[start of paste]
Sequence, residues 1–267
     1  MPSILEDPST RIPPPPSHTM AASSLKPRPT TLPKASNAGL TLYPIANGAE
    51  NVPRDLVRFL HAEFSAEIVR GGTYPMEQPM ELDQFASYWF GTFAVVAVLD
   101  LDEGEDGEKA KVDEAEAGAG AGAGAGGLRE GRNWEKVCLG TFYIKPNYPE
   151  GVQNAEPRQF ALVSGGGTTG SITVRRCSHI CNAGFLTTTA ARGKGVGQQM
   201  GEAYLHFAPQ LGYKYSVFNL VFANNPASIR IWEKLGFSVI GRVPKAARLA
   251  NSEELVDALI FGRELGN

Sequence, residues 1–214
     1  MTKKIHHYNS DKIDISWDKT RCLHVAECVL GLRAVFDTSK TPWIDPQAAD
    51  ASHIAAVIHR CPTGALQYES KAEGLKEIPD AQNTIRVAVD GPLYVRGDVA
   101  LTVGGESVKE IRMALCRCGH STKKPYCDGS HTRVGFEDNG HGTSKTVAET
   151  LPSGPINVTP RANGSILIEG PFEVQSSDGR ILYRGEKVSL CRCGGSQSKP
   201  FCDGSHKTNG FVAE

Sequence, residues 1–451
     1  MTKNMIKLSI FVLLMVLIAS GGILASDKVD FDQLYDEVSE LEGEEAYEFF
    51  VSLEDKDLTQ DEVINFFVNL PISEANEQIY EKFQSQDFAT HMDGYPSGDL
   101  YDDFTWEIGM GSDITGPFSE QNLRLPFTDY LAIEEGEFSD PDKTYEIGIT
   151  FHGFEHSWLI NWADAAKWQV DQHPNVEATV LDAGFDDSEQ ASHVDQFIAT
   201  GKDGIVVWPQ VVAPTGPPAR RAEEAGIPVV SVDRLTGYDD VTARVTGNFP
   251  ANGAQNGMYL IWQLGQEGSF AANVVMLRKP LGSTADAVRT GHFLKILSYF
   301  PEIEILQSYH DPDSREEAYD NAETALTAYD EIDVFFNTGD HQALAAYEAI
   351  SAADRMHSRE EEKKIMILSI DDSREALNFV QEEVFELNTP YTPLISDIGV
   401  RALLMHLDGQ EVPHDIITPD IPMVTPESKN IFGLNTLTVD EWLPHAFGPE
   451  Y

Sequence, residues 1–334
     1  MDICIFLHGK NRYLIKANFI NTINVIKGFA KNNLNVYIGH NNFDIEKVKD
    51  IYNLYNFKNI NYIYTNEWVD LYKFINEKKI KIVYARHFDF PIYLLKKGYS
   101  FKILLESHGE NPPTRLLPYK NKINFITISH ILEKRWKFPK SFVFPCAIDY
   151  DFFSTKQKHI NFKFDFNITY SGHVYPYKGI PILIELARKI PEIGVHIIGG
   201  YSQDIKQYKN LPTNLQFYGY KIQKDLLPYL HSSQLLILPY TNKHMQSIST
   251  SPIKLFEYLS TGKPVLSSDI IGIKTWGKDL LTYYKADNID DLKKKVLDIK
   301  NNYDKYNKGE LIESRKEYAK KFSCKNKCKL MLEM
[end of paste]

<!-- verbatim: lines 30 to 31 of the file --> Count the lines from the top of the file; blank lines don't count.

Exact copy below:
   201  YSQDIKQYKN LPTNLQFYGY KIQKDLLPYL HSSQLLILPY TNKHMQSIST
   251  SPIKLFEYLS TGKPVLSSDI IGIKTWGKDL LTYYKADNID DLKKKVLDIK